Blockchain has surfaced as a technology with the potential to resolve many of these issues. Blockchain is ‘an immutable transactional record that maintains and records data in a way that allows multiple stakeholders to share access to the same data and information confidently and securely.’ How can you implement blockchain solutions to benefit your MRO business model?
How can you implement blockchain solutions to benefit your MRO business model?
Aircraft spare parts management challenges
Aircraft spare parts management is one of the most important aircraft maintenance operations. Every movement, change in ownership and condition of aircraft spare parts, for reasons such as modification, maintenance, lease and exchange, must be reported to assure airworthiness. It is vital for you to acquire and track information on the ownership, maintenance, usage history and location of the components. However, this brings challenges because of the following:
1. Large and unique aircraft configuration
A modern aircraft can have more than a million components and unique spare part numbers, often in large quantities per aircraft.
2. Complicated spare parts management
Components can be installed, removed, repaired, maintained, stored and shipped not just within the organization but also across the supply chain.
3. Logistical coordination across the supply chain
Due to the multi-stage and international nature of the supply chain, component maintenance and logistical coordination are extremely complex.
4. Variety of communication media in use
Component data is shared by mail, web-based systems, storage media, paper or verbally amongst the participants of the supply chain.
Blockchain’s promising characteristics
When an aircraft complies with standards of regulation, they receive a Certificate of Airworthiness by a representative of the national aviation authorities. However, when an aircraft loses its airworthiness status, it enters the maintenance process to make sure that it is restored to a safe and reliable standard at the lowest cost.
In the traditional sharing process, MRO providers don’t have immediate access to proprietary maintenance information. Due to the lack of access to complete historical component records, you are required to put in more unnecessary work, resulting in longer lead times and rising costs. This is where blockchain comes in. It acts as a digitally-distributed component logbook among trusted supply chain participants, in a secure and controlled network. Through blockchain, the undisputable data in the digital component logbook will provide MROs with trust in the validity and legitimacy of aircraft spare parts and the data associated with them.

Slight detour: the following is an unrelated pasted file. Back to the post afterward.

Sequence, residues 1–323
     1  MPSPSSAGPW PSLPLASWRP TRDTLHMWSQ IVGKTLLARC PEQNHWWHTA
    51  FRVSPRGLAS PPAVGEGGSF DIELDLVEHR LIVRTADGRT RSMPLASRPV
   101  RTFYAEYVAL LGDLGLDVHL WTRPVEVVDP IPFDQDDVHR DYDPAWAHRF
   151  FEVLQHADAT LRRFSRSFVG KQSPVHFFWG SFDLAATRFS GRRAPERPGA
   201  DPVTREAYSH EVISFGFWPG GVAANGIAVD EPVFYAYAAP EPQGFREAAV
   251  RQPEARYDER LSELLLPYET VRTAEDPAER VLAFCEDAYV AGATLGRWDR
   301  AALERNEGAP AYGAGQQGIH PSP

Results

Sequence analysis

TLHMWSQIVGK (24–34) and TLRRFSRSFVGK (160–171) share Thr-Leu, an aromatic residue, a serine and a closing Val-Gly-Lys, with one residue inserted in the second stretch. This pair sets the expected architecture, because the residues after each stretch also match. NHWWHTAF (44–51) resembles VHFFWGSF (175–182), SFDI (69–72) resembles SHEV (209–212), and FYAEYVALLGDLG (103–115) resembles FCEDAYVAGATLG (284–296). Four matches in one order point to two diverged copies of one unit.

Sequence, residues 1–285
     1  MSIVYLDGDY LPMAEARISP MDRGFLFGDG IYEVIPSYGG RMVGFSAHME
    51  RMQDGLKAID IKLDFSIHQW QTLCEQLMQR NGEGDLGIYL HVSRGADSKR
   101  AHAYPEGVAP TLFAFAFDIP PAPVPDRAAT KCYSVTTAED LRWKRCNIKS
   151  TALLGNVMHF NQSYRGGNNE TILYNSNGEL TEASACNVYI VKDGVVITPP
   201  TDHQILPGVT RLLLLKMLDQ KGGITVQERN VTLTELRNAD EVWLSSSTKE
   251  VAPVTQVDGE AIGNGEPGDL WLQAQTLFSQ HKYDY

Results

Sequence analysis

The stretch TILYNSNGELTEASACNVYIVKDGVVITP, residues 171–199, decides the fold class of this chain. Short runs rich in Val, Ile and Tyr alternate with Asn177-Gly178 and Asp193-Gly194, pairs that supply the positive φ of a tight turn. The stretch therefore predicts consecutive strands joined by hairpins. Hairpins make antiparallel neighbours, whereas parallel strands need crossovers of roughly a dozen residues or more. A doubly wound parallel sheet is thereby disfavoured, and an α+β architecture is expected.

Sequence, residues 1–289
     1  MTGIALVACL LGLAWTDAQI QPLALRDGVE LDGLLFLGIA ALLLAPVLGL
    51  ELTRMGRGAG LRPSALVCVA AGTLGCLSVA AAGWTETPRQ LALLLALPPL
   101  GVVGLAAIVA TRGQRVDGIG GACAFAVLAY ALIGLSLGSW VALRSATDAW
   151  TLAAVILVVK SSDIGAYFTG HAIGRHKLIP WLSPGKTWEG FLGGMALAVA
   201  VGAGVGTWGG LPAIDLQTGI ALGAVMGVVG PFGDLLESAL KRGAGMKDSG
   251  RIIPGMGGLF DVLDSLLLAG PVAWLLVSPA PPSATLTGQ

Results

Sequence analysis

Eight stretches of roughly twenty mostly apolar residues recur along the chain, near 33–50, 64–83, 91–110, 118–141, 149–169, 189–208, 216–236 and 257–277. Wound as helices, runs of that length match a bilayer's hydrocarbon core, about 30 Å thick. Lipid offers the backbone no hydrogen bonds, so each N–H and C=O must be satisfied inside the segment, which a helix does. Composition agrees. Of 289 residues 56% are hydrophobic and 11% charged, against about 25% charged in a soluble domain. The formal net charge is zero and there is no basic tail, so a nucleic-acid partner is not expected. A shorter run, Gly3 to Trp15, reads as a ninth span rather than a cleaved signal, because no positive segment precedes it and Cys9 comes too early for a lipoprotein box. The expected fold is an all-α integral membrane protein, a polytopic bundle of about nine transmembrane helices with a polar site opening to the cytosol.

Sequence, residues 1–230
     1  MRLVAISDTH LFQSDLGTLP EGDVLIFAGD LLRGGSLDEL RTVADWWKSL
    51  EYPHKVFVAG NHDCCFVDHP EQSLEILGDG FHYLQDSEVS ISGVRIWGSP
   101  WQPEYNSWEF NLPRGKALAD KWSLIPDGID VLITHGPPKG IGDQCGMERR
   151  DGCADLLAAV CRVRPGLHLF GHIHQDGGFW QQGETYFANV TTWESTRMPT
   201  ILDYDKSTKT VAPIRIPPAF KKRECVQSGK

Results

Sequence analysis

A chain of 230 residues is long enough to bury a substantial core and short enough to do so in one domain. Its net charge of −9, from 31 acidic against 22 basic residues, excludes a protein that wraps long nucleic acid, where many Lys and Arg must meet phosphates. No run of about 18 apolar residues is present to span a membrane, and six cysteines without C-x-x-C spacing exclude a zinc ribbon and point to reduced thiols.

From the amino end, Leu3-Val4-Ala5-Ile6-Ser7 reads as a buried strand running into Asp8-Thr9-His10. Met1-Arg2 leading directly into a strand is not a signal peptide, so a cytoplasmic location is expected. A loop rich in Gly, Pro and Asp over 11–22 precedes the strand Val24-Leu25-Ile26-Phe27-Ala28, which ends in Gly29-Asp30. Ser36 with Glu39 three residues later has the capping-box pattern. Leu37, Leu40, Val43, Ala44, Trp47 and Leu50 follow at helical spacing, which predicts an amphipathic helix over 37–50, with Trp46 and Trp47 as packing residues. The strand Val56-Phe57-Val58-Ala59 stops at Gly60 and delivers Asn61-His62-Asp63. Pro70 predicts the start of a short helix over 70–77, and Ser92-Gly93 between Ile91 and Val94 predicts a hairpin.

The video below shows one possible solution to the implementation of a spare parts blockchain. In this example, smart contracts are used for the spare parts business network.
Blockchain as a track-and-trace capability
Blockchain has been intensely studied in the application of supply chain management. Blockchain can act as an inter-organization track-and-trace capability by incorporating tangible (e.g. aircraft spare parts) and intangible (e.g. Airworthiness Certificates) assets as smart properties. Smart properties receive a unique identification code that makes it possible to track, control and exchange their ownership without needing to involve intermediaries. These transactions are recognized as a block by the blockchain network. Once the network reaches consensus to validate the spare part transaction, the block is added to the previous chain of blocks.
When the chain is validated, you can choose whether all participants will be able to read, write or review previous transactions. Or, opt for a privately commissioned blockchain, in which you can define rules as to which participant in the blockchain can read or write what data. For example, national aviation authorities will be able to view all transactions, while individual MROs can only edit specific data.
The blockchain doesn’t change how the components are technically tracked or traced; however, it does change how this information is communicated and exchanged. Instead of manually updating maintenance systems with trivial component data, Radio Frequency Identification tags are scanned throughout the component lifecycle. Data from component sensors and databases can be included and forwarded to help describe the quality and condition of the components. Driven by legislation and the need to improve efficiency, supply chain participants and regulatory institutions could use blockchain to access and audit real-time, accurate and complete component data.
The value proposition of blockchain